Please note: information provided on this page is meant for patients of CSU Health Network.
Why do I need a colposcopy?
A colposcopy is done for an abnormal pap smear result. Abnormal pap smears are common and most usually related to HPV (human papilloma virus) exposure. There are many strains of HPV and even if you have been vaccinated (which is awesome) you could have exposure to another strain. Abnormal pap smears do not mean you have cancer currently or will develop cancer in the future.
What is a colposcopy?
A colposcopy is an in office procedure where a special microscope is used to examine the cervix and if needed the vagina and vulva.
How is a colposcopy performed?
During the procedure, 5% acetic acid (vinegar) is applied to the cervix to help differentiate abnormal cells. If needed, a cervical biopsy may be done. It feels like a sharp pinch and may also have associated cramping. Sometimes a biopsy of the cervical canal is also done to check for potential abnormal cells. This area cannot be seen using the colposcope.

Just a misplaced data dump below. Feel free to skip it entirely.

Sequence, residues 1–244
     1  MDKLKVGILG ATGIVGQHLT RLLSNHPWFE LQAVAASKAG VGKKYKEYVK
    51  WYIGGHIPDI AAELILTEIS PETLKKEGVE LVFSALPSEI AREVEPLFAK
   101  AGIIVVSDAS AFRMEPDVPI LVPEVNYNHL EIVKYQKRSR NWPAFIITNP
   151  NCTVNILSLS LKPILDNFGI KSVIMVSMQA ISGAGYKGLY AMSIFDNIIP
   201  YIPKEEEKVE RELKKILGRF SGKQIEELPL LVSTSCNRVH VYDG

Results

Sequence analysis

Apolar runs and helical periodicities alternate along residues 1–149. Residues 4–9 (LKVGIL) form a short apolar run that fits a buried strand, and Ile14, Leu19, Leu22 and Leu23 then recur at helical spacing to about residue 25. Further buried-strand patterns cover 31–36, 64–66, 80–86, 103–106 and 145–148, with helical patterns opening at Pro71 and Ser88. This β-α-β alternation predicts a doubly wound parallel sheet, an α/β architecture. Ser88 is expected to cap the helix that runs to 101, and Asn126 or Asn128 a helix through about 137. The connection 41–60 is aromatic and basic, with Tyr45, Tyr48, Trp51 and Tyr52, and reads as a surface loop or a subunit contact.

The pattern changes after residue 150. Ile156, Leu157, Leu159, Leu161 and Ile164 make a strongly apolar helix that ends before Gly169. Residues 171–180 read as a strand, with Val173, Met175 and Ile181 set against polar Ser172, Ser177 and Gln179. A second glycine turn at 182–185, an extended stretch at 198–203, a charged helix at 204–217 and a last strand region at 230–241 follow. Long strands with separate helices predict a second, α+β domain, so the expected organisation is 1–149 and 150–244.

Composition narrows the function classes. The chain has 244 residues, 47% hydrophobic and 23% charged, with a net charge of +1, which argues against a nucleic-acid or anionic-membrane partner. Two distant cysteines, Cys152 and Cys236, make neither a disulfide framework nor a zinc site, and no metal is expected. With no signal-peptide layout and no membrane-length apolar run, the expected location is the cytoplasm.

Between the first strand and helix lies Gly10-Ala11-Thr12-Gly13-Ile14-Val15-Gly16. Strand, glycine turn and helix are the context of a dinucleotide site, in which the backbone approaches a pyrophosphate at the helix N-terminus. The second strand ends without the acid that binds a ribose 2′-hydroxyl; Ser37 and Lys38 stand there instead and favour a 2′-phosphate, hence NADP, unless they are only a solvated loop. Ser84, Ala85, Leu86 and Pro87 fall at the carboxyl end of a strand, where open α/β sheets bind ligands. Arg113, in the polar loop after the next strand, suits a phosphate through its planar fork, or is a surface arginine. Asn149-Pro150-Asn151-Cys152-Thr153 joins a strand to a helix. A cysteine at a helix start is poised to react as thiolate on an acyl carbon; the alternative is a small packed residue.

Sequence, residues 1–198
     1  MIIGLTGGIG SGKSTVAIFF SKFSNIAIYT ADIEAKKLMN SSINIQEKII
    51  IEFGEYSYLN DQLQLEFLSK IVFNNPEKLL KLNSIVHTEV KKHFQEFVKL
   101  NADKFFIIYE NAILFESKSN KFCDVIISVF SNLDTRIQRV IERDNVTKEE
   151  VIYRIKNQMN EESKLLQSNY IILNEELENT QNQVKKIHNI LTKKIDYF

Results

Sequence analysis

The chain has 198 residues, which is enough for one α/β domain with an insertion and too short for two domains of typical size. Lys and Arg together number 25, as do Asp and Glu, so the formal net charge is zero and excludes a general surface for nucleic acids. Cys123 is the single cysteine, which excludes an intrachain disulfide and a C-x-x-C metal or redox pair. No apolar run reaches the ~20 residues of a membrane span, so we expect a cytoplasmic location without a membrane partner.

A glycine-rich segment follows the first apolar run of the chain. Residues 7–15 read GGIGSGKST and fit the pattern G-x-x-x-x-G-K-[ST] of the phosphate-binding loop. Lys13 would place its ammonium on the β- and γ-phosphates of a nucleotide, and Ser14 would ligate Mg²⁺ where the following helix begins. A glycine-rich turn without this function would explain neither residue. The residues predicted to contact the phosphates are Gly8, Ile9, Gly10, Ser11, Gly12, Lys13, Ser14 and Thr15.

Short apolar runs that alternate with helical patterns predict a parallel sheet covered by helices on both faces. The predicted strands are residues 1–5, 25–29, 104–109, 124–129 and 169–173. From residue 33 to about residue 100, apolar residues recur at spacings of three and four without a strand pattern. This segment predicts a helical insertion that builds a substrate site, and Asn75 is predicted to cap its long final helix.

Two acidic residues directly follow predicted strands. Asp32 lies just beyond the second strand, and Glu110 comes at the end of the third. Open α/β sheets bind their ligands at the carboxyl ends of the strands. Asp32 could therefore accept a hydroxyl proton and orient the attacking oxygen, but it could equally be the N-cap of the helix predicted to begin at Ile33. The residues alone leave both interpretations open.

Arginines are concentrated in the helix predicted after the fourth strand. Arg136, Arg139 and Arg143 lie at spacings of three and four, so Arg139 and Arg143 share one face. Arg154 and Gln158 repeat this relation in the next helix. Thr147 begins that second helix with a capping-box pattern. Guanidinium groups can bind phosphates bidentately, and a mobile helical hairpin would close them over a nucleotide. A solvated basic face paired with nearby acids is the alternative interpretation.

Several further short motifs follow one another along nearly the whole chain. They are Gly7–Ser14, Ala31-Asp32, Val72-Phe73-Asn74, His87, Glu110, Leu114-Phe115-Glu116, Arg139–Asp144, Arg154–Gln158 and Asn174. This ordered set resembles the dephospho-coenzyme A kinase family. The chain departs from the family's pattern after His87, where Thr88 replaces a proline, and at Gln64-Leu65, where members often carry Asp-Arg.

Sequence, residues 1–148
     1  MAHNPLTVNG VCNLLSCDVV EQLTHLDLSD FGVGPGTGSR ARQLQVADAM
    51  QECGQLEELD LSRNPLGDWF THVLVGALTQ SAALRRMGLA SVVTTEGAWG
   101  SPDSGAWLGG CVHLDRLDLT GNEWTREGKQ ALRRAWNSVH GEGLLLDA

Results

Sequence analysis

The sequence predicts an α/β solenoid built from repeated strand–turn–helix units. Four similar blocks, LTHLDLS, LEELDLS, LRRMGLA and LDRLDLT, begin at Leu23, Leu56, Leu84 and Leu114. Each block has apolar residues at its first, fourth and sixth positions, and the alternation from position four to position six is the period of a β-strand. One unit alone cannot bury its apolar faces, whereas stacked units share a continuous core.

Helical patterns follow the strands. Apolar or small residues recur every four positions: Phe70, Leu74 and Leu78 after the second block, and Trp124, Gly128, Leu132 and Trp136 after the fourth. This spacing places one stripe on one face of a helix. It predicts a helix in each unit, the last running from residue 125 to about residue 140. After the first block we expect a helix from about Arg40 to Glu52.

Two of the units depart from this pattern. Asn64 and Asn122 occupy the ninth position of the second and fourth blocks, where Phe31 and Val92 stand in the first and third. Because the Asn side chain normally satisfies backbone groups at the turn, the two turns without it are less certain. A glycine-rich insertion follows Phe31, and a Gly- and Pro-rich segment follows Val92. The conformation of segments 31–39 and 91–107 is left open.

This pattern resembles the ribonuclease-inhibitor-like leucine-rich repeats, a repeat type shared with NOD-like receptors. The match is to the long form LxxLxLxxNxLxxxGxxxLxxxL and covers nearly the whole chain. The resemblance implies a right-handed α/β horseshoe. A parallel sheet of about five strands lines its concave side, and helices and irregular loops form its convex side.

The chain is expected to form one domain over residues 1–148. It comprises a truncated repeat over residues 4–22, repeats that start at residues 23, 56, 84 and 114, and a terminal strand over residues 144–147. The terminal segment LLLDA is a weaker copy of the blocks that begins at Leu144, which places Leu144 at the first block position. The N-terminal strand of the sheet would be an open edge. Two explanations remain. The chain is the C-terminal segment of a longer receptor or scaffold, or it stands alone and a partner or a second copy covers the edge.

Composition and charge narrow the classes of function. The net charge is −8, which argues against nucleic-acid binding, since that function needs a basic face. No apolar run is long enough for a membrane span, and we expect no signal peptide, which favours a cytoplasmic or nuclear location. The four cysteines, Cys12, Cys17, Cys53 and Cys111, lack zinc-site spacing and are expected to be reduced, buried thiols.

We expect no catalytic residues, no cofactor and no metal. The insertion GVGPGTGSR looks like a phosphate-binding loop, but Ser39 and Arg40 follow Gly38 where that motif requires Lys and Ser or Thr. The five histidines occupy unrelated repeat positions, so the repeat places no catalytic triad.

What should I expect after a colposcopy?
You may experience bleeding for 3-5 days after the procedure if biopsies were done. Sometimes the discharge can be brown, to grey in color. It can also be thick with a “coffee ground” appearance. You may also experience some cramping. You can use ibuprofen if needed.
Avoid intercourse for 3-5 days as there is a slight risk for infection and may cause bleeding as the biopsy sites are healing.
When will I get the biopsy result?
It takes up to 2 weeks to get the biopsy results. You will be notified of the results via secure message.
Things to help abnormal pap smears:
- Do your follow up pap smears as scheduled
- Be vaccinated with Gardasil (HPV vaccine), immunization clinic has the vaccine
- No smoking
- Use a barrier method with sexual activity (external or internal condoms)
- Folic acid 800 micrograms daily (available alone or in women’s health or prenatal vitamins)